A consulting agreement was executed by the Company for the provision of corporate compliance services, administrative services, provision of a head office address, and bookkeeping, dated for reference January 1, 2011. The agreement calls for a monthly fee of $3,000 (Canadian) plus applicable taxes. In recognition of the Company’s constrained financial condition, the consultant agreed to forego regular monthly fees in 2011 and accepted seven months’ fees to December 31, 2011 totaling $18,208. In the period ended September 30, 2012, regular monthly fees commenced which, together with a one-time payment of $2,000 in recognition of 2011 payments foregone, totaled $28,958. The agreement remains in effect until terminated by either party on one month’s notice. In the event that the Company terminates the agreement other than for cause, the Company is required to pay two months’ fees as a termination fee.


 
11

 
 


INTERNATIONAL GOLD CORP.

CONDENSED NOTES TO INTERIM FINANCIAL STATEMENTS

FOR THE NINE MONTHS ENDED SEPTEMBER 30, 2012 AND 2011
 (Unaudited)
(Stated in U.S. Dollars)


6.
CONTRACTUAL OBLIGATIONS AND COMMITMENTS (Continued)


On February 21, 2012 a consulting agreement was executed between the Company and another company controlled by the sole director and officer of the Company, effective January 1, 2012 for a term of 48 months, whereby the other company has agreed to provide the services of its shareholder as the Company’s CEO, COO, CFO and Corporate Secretary.  As compensation, the Company is to pay $90,000 per annum, in equal monthly installments of $7,500, in arrears, plus applicable taxes.  The Company has also agreed to reimburse reasonable business and/or entertainment and automobile expenses during the duration of the consulting agreement. The agreement may be terminated by either party on thirty days’ notice. In the event that the agreement is terminated on a change of control of the Company or, other than for cause, the consultant is entitled to a severance payment equivalent to twelve months of fees. Effective July 1, 2012, the compensation rate is being amended to $108,000 per annum, in equal monthly installments of $9,000 in arrears, plus applicable taxes.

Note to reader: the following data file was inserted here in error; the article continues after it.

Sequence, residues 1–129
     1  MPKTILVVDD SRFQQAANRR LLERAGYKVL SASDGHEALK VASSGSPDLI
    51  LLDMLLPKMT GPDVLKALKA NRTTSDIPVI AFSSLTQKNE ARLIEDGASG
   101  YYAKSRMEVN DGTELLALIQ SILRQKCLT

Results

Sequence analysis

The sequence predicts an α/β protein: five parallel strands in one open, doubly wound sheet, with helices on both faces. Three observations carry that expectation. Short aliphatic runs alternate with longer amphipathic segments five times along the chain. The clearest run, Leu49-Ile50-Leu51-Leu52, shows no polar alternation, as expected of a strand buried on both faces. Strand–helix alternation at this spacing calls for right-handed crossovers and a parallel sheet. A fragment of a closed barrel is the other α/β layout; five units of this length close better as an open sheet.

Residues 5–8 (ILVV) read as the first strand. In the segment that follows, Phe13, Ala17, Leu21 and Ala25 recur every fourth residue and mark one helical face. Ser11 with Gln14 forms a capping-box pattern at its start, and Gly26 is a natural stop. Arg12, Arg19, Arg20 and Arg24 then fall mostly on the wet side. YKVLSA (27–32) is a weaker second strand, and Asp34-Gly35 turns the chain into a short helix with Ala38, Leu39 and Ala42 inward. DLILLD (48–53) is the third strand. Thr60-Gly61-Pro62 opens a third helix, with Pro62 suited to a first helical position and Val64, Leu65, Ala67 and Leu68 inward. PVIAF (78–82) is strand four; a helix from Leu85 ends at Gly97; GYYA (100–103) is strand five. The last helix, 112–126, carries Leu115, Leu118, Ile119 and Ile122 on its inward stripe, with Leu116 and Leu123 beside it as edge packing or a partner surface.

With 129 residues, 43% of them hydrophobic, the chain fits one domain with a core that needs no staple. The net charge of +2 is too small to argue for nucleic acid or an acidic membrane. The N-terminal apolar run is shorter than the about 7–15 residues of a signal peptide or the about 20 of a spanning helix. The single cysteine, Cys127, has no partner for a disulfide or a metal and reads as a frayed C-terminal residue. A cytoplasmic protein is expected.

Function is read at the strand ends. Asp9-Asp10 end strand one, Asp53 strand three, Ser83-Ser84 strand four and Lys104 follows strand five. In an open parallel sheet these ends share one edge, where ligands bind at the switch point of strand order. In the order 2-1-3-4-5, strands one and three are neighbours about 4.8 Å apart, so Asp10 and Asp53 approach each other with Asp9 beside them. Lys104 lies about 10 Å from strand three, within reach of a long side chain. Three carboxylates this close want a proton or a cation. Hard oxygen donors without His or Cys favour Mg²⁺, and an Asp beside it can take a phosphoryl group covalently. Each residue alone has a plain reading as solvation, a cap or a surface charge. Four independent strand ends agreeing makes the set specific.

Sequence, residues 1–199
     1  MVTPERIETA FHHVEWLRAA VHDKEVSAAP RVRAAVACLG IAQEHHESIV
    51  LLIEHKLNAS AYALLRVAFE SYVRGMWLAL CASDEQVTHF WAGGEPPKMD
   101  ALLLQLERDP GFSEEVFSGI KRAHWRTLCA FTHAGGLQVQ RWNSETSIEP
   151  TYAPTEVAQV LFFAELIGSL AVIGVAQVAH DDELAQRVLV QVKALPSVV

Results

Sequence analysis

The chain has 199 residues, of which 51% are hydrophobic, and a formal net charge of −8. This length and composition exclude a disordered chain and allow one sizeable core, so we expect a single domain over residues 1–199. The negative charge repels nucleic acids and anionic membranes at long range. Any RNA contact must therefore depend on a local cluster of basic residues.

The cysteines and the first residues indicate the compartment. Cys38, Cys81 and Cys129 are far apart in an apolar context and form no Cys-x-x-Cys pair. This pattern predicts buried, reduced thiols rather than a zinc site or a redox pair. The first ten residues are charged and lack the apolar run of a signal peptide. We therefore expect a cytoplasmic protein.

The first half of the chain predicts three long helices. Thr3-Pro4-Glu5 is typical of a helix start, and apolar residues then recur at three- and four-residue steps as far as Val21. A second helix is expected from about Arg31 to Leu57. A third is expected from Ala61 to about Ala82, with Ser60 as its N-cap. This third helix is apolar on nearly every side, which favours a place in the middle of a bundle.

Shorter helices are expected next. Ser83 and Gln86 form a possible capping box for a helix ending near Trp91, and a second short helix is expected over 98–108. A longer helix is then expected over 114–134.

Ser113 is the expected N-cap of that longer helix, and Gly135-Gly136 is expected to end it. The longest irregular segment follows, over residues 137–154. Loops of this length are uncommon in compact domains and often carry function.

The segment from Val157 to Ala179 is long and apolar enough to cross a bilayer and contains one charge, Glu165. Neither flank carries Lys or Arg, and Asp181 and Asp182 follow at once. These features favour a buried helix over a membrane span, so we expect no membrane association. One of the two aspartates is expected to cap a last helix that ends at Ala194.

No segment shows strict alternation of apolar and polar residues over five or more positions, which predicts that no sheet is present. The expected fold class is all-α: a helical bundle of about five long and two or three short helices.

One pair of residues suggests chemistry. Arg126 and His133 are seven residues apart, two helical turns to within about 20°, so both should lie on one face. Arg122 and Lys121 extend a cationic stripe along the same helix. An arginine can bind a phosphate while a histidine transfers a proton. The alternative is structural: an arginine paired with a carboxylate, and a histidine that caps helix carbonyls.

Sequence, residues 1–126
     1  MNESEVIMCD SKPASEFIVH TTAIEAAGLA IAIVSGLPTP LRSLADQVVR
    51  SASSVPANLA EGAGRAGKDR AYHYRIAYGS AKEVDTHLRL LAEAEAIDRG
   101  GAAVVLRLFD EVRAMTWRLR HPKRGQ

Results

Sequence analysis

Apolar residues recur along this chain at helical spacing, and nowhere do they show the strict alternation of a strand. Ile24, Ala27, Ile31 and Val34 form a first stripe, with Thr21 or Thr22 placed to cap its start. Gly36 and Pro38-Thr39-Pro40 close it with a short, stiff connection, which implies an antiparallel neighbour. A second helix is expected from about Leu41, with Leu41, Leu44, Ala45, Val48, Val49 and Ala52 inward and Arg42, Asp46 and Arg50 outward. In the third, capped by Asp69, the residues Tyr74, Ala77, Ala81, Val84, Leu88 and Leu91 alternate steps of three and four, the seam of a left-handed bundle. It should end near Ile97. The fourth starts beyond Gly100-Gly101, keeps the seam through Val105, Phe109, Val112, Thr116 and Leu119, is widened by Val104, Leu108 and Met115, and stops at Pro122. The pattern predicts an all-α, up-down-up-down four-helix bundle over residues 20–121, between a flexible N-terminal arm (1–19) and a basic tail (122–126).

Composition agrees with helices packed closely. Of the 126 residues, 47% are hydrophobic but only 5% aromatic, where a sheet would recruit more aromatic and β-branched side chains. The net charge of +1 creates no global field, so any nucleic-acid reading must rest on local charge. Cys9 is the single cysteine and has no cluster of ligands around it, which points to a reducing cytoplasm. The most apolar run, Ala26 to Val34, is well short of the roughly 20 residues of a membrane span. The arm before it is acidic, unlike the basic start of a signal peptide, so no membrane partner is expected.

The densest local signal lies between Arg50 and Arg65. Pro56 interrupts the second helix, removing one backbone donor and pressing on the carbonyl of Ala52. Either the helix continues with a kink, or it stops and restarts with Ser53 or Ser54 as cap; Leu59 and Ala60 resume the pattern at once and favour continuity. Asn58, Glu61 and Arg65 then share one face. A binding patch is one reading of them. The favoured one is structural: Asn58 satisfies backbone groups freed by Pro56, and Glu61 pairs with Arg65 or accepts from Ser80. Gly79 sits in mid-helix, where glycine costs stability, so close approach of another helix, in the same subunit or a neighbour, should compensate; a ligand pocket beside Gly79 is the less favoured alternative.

On July 15, 2012, the Company entered into a Letter of Intent (the “LOI”) with SignalChem Lifesciences Corporation, a private company incorporated in the Province of British Columbia, Canada (“SLC”), with respect to the proposed exchange of all of the issued and outstanding shares of SLC. Pursuant to the terms of the LOI, as consideration for the acquisition of all of the issued and outstanding securities of SLC, the Company agreed to issue 40,000,000 shares of its common stock to the SLC shareholders. Closing of the transaction is subject to a number of conditions including: satisfactory completion of due diligence by both parties; obtaining all necessary governmental, regulatory and third party consents, waivers and approvals; and completion of an interim financing with proceeds intended to be used to fund working capital of the Company. There is no assurance that the transaction will be completed as planned or at all.


7.
FAIR VALUE OF ASSETS AND LIABILITIES

Fair value is defined as the exchange price that would be received for an asset or paid to transfer a liability (an exit price) in the principal or most advantageous market for the asset or liability in an orderly transaction between market participants on the measurement date. U.S. GAAP requires that valuation techniques maximize the use of observable inputs and minimize the use of unobservable inputs. ASC 820-10 Fair Value Measurements also establishes a fair value hierarchy which prioritizes the valuation inputs into three broad levels. Based on the underlying inputs, each fair value measurement in its entirety is reported in one of the three levels. These levels are:

Level 1 - Valuation is based upon quoted prices for identical instruments traded in active markets. Level 1 assets and liabilities include debt and equity securities traded in an active exchange market, as well as U.S. Treasury securities.

Level 2 - Valuation is based upon quoted prices for similar instruments in active markets, quoted prices for identical or similar instruments in markets that are not active, and model based valuation techniques for which all significant assumptions are observable in the market or can be corroborated by observable market data for substantially the full term of the assets or liabilities.

Level 3 - Valuation is determined using model-based techniques with significant assumptions not observable in the market.





 
12

 
 


INTERNATIONAL GOLD CORP.

CONDENSED NOTES TO INTERIM FINANCIAL STATEMENTS

FOR THE NINE MONTHS ENDED SEPTEMBER 30, 2012 AND 2011
 (Unaudited)
(Stated in U.S. Dollars)


7.
FAIR VALUE OF ASSETS AND LIABILITIES (Continued)

The following tables present information about the Company’s financial instruments that have been measured at fair value as of September 30, 2012 and indicate the fair value hierarchy of the valuation inputs utilized to determine such fair values: